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No room for slothfulness, communication and collaboration are key to successful conservation

Posted on: 23.10.13 (Last edited) 23 October 2013

Recent events involving the attempted exportation of several pygmy three-toed sloths caused a day of uproar in Panama, and sparked contentious international debate. Fauna & Flora International’s Robin Loveridge looks at some of the issues to take some positives from the incident…

The dramatic events of 9 September in Panama caused a number of different reactions amongst the conservation community; including surprise and anger.

Personally I felt frustration. But given the chance to sleep on it (much as the sloths do), my frustration has turned to cautious optimism, as I’ve re-examined the events and the response to see what lessons could be taken forward.

The vision I have of an endangered species being crated up and moved towards a private jet for export before being intercepted by local conservation activists is particularly unsavoury for two reasons:

First, conservation is, at its heart, about people. Most extinctions today are caused by human activity, and so we have to accept that we, by and large, are the problem.

This knowledge actually puts us in a very powerful position. If we can understand our damaging behaviours, then we, as the perpetrators of those behaviours, have the power to save many endangered species from extinction. But to do that we need to communicate with each other in order to understand those behaviours and the motivations behind them.

If we want to save the world’s wonderful and endangered species from extinction, then we have to communicate that vision with transparency and be willing to hear all sides of the argument. Differences of opinion, such as those relating to how best to conserve the pygmy three-toed sloth, are to be expected. But these can only be resolved if we have open discussion. So for me the foundation of good conservation is effective communication.

Second, conservation is complex. It incorporates all of the world’s social and natural complexity and dynamism and for any situation we witness multiple drivers of biodiversity loss in action. There are plenty of different challenges that need our attention, and a desperate need for collaboration and what we term ‘joined up thinking’ and coordination to design conservation strategies that work together to meet this complexity. That’s why any conservation intervention that acts in isolation is a risky thing and can undermine other efforts if not properly integrated.

Estimates for the rate of species extinctions range, but a conservative estimate might be 10,000 species a year, which equates to just over one species lost every hour. Clearly, there is plenty of work to be done. There should be no need for infighting, but a need for collaboration in this enormous and noble task of conservation that we are undertaking.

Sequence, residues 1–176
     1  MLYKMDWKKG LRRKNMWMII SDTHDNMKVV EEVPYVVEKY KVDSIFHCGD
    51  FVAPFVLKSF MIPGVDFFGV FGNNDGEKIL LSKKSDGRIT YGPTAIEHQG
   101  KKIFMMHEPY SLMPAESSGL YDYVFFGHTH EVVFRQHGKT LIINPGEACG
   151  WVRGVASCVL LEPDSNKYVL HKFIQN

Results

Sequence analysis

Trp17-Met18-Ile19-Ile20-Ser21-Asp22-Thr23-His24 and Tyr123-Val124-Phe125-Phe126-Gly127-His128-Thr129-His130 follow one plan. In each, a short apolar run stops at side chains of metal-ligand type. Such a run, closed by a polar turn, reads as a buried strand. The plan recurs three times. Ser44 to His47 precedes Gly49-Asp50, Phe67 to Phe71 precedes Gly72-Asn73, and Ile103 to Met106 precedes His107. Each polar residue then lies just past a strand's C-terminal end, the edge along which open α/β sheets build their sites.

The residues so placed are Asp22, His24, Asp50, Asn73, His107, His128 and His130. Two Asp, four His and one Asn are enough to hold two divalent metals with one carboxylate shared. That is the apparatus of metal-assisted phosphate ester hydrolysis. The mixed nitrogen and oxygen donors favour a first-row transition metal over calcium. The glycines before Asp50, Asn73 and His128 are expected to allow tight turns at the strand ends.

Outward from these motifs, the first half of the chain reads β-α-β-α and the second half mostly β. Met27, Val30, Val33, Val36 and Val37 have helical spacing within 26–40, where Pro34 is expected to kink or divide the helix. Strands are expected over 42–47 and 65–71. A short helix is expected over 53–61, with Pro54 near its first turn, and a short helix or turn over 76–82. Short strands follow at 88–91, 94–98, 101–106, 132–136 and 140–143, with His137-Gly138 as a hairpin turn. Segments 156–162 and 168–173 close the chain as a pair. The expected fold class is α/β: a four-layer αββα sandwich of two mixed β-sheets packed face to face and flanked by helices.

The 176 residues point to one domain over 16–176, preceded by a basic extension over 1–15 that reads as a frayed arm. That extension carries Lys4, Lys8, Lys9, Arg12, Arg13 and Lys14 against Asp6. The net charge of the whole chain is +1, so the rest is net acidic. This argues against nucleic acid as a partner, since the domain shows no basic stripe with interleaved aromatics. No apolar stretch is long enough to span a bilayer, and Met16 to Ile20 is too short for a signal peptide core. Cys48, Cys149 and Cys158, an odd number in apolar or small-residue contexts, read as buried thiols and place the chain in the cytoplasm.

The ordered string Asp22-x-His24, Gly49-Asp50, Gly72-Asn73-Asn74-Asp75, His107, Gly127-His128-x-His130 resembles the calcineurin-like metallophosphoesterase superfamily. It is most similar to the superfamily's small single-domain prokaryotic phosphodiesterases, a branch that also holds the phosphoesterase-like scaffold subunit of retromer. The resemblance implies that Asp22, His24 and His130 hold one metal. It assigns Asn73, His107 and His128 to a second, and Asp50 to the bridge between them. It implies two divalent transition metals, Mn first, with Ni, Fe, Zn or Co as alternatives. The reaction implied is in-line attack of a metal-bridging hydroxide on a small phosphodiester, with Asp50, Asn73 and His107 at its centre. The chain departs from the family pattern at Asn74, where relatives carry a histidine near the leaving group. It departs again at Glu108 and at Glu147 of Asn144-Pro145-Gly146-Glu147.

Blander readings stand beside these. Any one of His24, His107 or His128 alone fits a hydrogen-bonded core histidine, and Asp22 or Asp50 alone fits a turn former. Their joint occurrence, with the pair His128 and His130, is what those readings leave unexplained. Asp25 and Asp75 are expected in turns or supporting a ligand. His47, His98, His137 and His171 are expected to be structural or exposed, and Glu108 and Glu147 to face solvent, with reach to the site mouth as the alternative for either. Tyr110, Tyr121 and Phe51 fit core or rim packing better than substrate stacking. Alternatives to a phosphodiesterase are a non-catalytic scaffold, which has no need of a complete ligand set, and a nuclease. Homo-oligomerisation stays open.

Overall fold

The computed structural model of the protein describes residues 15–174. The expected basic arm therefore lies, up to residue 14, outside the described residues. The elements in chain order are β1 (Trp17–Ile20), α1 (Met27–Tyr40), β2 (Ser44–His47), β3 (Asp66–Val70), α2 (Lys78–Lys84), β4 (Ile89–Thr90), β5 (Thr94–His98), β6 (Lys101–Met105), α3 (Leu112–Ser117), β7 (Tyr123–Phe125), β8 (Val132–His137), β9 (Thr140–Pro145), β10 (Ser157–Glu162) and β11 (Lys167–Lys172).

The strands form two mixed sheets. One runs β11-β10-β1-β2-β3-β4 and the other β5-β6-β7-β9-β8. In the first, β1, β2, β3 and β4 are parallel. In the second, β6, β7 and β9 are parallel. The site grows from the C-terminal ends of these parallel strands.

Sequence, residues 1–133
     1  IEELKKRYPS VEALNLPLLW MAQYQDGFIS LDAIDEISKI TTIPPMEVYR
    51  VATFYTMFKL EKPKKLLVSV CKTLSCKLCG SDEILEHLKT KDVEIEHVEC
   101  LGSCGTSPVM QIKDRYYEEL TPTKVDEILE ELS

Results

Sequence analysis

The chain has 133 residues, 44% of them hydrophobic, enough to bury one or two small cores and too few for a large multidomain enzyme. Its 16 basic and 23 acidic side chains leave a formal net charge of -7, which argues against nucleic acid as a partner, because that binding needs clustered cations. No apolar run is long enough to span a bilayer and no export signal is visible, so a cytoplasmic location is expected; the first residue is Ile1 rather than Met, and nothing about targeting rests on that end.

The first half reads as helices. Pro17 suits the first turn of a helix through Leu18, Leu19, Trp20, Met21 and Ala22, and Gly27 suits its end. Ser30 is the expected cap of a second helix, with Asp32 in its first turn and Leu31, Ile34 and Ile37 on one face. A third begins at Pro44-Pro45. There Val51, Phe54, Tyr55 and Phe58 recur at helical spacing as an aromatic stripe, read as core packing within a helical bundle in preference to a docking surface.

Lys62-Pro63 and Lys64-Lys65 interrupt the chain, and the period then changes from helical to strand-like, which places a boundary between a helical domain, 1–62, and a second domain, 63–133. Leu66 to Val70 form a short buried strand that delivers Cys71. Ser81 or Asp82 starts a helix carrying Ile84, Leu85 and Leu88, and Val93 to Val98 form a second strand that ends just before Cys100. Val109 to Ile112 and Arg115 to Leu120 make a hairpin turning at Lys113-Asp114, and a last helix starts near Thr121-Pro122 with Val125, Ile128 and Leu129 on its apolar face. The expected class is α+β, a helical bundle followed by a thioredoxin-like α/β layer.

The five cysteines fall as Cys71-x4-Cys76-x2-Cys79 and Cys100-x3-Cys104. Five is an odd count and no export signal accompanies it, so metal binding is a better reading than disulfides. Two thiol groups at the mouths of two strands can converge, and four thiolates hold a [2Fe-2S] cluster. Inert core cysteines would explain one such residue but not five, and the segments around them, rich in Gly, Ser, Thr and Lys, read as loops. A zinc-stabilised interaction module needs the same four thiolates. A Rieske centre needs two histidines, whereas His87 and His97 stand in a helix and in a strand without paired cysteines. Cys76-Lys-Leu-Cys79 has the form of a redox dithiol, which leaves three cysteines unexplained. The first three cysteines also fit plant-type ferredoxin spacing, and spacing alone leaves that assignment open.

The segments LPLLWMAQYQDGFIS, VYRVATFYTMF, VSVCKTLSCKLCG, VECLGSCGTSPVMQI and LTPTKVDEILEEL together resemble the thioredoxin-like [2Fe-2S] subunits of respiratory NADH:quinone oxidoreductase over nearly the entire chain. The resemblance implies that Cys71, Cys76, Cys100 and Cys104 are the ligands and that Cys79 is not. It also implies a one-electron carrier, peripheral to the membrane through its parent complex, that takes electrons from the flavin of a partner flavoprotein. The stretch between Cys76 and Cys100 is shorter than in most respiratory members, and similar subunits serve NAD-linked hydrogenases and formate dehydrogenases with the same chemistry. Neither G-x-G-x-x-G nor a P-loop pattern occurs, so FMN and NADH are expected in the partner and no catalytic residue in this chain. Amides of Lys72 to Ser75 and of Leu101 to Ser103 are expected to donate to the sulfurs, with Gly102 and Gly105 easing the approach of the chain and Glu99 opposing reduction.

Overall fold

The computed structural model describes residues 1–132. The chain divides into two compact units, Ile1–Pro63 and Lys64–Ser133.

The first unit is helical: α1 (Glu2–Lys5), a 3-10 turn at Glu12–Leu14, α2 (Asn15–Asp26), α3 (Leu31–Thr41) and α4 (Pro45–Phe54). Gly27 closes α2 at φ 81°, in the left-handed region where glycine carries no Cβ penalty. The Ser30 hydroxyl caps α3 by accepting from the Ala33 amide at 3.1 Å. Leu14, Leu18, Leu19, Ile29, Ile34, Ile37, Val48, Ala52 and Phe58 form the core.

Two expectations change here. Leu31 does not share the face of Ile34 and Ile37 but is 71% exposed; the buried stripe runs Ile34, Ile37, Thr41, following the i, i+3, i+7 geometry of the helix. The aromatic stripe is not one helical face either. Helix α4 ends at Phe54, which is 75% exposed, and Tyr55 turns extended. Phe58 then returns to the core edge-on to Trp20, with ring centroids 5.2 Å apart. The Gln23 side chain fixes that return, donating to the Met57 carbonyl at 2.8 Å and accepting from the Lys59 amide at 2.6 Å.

When these basic building blocks of communication and collaboration are in place, we do see great successes. The International Gorilla Conservation Programme is a collaboration of three international organisations working with local groups, across three countries with combined efforts leading to an increase in mountain gorilla numbers since the programme began.

Back in Panama, the conservation champions of the pygmy three-toed sloth have been working hard since the events of September 9 and have now formed a pygmy sloth conservation committee. So despite the recent controversy, efforts to conserve this Critically Endangered species continue undaunted.

As a final thought, I think it’s worth remembering that we live life in real-time, with imperfect knowledge of any situation. Unfortunate events are bound to happen and we must meet them as best we can; and have a duty to learn what we can along the way. If we adopt this open minded approach, we can look forward to facing – and overcoming – the unknown challenges on the horizon.

Written by
Robin Loveridge

Rob joined FFI's Conservation Science team in 2012 after completing an MRes in Ecology Evolution and Conservation at Imperial College London. He also holds a BSc (Hons) in Biology and has spent three years working for research institutes and conservation NGOs in tropical Africa, Asia and the Americas. Within the Conservation Science team, Rob provides cross-organisational support to FFI’s regional teams, contributes to the Global Trees Campaign and coordinates the Flagship Species Fund and Rapid Response Facility.

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